Words in Swahili

Some Essential Swahili words and Their Meanings

Check out these list of Swahili words and meanings in English:

African Swahili Words For Simple Greetings:

  1. Salutations; lets say “Hello”: You can say “jambo/ hujambo or salama”.
  2. For questions like “How do you do?”: You can say “habari gani”
  3. And the response is “nzuri,” which means “fine.”
  4. For “Goodbye,” you say kwa heri or “kwa herini” when saying it to more people.
  5. For “See you later,”: you say “tutaonana.”
  6. For “Nice to meet you,”: you say “nafurahi kukuona.”
  7. To say “Goodnight,”: Its “lala salama.”

For Simple Courtesies Like:

  1. You say “ndiyo,” instead of “Yes.”
  2. You say “hapana,” instead of “No.”
  3. You say “asante,” instead of “Thank you.”
  4. You say “asante sana,” instead of “Thank you very much.”
  5. You say “tafadhali,” instead of “Please.”
  6. You say “sawa,” instead of “OK.”
  7. You say “samahani,” instead of “Excuse me.”
  8. You say “starehe,” instead of “You’re welcome.”
  9. You say “hapana,” instead of “No.”
  10. You say “tafadhali, naomba msaada” instead of “Can you help me?”
  11. You say “jina lako nani,” instead of “What is your name?”
  12. You reply with “jina langu ni,” instead of “My name is.”
  13. You say “unatoka wapi,” instead of “Where are you from.”
  14. You reply with “natokea,” instead of “I’m from.”
  15. You say “naomba kupiga picha,” instead of “May I take a picture?”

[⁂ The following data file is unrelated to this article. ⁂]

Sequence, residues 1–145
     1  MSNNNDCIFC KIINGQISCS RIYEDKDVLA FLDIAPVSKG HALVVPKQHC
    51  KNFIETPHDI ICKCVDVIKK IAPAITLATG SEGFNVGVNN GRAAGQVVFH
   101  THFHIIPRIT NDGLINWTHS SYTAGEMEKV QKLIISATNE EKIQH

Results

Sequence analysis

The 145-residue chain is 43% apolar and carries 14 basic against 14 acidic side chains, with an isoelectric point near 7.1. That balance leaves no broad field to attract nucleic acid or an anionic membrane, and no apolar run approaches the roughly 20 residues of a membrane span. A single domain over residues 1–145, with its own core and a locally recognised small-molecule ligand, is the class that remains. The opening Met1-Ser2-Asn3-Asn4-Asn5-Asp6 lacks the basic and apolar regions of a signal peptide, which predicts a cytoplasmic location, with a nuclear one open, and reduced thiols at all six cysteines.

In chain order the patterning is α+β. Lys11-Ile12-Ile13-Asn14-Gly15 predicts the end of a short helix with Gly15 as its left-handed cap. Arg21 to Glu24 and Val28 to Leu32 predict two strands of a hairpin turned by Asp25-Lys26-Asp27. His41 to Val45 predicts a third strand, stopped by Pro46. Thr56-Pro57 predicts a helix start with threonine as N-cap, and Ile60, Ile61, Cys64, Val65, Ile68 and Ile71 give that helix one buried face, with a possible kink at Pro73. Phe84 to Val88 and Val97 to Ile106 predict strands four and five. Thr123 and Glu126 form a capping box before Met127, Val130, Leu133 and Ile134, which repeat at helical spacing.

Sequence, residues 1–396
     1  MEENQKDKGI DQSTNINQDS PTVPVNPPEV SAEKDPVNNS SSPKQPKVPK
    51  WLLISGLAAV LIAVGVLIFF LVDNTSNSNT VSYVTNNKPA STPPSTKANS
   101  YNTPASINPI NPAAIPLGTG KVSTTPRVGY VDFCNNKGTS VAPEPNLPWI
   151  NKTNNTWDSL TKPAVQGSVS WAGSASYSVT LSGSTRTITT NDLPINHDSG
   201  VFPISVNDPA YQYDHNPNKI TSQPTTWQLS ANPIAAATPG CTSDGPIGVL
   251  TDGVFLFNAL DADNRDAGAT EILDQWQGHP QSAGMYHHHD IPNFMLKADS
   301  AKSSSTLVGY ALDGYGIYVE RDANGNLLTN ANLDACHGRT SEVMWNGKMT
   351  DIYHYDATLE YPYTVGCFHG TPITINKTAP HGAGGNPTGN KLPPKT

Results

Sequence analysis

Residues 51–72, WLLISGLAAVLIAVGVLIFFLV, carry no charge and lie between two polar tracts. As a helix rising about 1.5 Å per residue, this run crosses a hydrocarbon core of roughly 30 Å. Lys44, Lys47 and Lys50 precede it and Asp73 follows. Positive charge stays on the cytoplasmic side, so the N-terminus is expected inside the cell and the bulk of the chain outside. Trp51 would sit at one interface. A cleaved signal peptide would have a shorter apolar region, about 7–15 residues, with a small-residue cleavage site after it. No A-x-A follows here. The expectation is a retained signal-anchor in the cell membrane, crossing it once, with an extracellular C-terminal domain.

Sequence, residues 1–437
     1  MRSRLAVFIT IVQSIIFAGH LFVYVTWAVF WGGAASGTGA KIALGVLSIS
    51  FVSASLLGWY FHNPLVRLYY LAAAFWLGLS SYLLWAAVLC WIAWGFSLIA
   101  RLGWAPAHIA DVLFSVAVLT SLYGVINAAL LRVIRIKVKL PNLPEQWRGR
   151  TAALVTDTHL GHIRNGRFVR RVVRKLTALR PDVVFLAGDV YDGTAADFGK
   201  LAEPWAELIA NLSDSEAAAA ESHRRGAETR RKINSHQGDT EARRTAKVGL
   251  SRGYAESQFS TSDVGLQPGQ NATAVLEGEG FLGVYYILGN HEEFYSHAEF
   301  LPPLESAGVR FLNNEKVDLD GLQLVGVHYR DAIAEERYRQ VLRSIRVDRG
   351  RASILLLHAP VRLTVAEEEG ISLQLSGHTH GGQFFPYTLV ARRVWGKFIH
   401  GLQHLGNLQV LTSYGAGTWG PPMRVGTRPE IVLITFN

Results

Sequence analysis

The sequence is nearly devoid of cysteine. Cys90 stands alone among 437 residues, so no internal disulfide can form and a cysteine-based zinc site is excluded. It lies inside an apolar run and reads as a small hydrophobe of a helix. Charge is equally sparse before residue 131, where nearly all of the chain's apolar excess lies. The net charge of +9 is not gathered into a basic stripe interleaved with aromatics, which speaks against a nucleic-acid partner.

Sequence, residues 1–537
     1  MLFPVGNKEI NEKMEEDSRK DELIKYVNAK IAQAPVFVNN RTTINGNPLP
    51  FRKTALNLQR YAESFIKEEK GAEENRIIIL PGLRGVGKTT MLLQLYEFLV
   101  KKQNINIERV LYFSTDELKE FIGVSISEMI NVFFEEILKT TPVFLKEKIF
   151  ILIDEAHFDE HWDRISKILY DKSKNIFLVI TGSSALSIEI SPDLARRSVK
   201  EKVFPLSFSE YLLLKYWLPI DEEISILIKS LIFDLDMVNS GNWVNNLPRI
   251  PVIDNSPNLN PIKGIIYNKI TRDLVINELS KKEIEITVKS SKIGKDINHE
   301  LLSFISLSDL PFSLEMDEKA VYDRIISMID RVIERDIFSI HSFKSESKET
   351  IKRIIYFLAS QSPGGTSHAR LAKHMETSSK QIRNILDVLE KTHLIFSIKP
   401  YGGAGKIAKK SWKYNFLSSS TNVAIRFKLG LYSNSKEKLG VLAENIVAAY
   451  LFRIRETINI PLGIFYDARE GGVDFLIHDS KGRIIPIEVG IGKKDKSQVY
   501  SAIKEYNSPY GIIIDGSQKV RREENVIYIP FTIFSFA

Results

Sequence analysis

16. You say “unasema kiigereza,” instead of “Do you speak English?”
  17. You say “unasema Kiswahili,” instead of “Do you speak Swahili?”
  18. You say “kidogo tu,” instead of “Just a little bit.”
  19. You say “unasemaje…Kwa Kiswahili,” instead of “How do you say…in Swahili?”
  20. You say “sielewi,” instead of “I don’t understand.”
  21. You say “rafiki,” instead of “Friend.”

English Swahili Words for How to Get Around Searching for Locations

The questions are:

  1. “ni wapi______?” instead of “Where is the______?”
  2. “uwanja wa ndege” instead of “Airport.
  3. “stesheni ya basi” instead of Bus station.” 
  4. “bas stendi” instead of Bus stop.” 
  5. “stendi ya teksi” instead of Taxi stand.” 
  6. “stesheni ya treni” instead of Train Station.” 
  7. “benki” instead of “Bank.”
  8. “soko” instead of “Market.”
  9. “kituo cha polisi” instead of “Police station.”
  10. “posta” instead of Post office.” 
  11. “ofisi ya watali” instead of “Tourist office.”
  12. “choo” instead of “Toilet or Bathroom.”
  13. “inaondoka saa________ngapi?” instead of “What time is the______ leaving?”
  14. “basi” instead of “Bus.” 
  15. In Tanzania: “dalla dalla” and known in Kenya as “matatu” instead of “Minibus.”
  16. “ndege” instead of “Plane.”
  17. “gari la moshi or treni” instead of “Train.”
  18. “kuna basi ya______?” instead of “Is there a bus going to______?”
  19. “nataka kununua tikiti” instead of “I’d like to buy a ticket.”
  20. “ni karibu” instead of “Is it near?”
  21. “ni mbali” instead of “Is it far?”
  22. “huko” instead of “There.”
  23. “pale” instead of “Over there.”
  24. “tikiti” instead of “Ticket.”
  25. “unakwenda wapi?” instead of “Where are you going?”
  26. “nauli ni kiasi gani?” instead of “How much is the fare?”
  27. “hoteli” instead of “Hotel.”
  28. “chumba” instead of “Room.”
  29. “akiba” instead of “Reservation.”
  30. In Tanzania: “mna nafasi leo usiko?” and known in Kenya as “iko nafasi leo usiku?” instead of “Are there any vacancies for tonight?”
  31. In Tanzania: “hamna nafasi.” and known in Kenya as “hakuna nafasi.” instead of “No vacancies.”